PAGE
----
21st January - Yesterday marked a year of Donald Trump’s presidency since his inauguration on January 20th 2017, and one year later, the organisers of Women’s March USA took to the streets again to channel voices in solidarity against oppression of all women. Trumps first year in office has provided many reasons for fear and panic but also has been a means of rallying support and consensus among the population who disagree with his authoritarian, misogynistic opinions.
Thousands rallied yesterday across the country to protest for women’s rights, learning from last year’s campaign and the #MeToo movement, the valuable lesson that women’s collective voices can have real power. This weekend’s main march, titled: “Women’s March Anniversary: Power to the Polls” will be held in Las Vegas today and speakers include Cecile Richards, the President of Planned Parenthood Action Fund and Alicia Garza, a co-founder of Black Lives Matter. Other marches span across all fifty states and even some other global cities. On Friday afternoon, it was reported that eighty-five thousand people had registered for a New York event. By the days end, the mayor’s office had put the tally at two hundred thousand.
Similar to last year, the diversity of the crowd was noticeable; people of all walks of life joined the events, the primary reason for marching this year being “solidarity”. The idea was to stand alongside like-minded citizens and make a loud noise together, to share burdens and the feeling of being under Trumps presidency. Many older women stand together in disbelief that they are still protesting issues such as the pay gap and reproductive rights.
Unbelievably, Trump attempted to rebrand the marches as a celebration of his economic policies via twitter in his usual ridiculous way (thankfully he is only allowed 140 characters), he tweeted:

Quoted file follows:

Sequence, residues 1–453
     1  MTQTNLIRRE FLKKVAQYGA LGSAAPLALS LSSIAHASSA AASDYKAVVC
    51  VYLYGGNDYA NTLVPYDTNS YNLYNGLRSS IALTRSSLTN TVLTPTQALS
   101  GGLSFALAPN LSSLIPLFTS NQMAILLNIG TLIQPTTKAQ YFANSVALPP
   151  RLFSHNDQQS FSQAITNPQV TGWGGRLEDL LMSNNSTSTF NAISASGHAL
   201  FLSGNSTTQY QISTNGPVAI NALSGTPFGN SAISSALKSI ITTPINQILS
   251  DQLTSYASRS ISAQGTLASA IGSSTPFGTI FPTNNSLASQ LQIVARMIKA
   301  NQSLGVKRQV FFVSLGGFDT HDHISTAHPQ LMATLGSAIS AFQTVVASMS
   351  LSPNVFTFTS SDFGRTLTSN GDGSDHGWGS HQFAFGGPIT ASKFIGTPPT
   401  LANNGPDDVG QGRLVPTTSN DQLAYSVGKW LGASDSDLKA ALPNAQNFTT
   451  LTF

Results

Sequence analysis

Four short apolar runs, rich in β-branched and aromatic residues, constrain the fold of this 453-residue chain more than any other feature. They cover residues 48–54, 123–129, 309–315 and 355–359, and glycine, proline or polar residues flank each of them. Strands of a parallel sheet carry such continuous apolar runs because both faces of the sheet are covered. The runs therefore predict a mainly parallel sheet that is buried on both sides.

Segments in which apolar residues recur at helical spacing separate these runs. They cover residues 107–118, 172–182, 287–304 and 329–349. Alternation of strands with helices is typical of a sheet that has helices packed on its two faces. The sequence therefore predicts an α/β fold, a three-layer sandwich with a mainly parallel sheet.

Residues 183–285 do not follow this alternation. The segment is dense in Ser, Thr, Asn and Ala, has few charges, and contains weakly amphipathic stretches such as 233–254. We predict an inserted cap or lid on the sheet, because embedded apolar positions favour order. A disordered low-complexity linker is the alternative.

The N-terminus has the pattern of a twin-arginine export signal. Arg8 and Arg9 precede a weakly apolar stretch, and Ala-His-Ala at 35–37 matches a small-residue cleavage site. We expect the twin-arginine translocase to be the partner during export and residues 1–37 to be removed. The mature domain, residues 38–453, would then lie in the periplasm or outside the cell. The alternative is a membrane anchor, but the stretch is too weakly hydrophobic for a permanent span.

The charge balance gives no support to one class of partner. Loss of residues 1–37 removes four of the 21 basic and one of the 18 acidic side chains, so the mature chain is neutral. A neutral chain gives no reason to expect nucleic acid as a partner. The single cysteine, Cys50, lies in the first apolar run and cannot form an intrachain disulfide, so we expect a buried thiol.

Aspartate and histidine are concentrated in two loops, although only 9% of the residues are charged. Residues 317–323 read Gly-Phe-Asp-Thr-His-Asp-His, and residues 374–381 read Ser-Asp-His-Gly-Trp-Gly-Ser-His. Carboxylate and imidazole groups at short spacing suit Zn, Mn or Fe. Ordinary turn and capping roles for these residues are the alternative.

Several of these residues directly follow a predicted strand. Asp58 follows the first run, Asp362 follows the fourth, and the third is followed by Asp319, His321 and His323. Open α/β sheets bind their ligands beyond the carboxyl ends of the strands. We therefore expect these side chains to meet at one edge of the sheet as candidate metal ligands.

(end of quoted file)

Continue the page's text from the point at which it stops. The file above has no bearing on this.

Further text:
“Beautiful weather all over our great country, a perfect day for all women to March. Get out there now to celebrate the historic milestone and unprecedented economic success and wealth creation that has taken place over the last 12 months. Lowest female unemployment in 18 years!”.
Thankfully, this manoeuvre was so transparent and nonsensical that it barely registered with the crowd that passed by Trump International Hotel and Tower during the New York Protest.
The Women’s March has faced some criticism on whether it values intersectionality and if it actually works as an umbrella organisation encompassing each woman’s stance and background while still having a strong impact instead of its power being watered down by too many different aims.
Honestly, having a single platform to pronounce whatever voice or opinion you have is the best way forward, because of its defining characters: solidarity and universality. For its participants, the Women’s March acts as a way to reenergise and find strength in numbers- and it works! Our collective voice as people who want an equal just society is working. Not only are important issues such as sexual harassment, gender pay gap and reproductive rights vocalised, but also it’s a chance to take in the colourful spectacle and what is becoming a sort of tradition that bonds women and supporters around the world.
Its an empowering experience and a belief that times will change if you make enough noise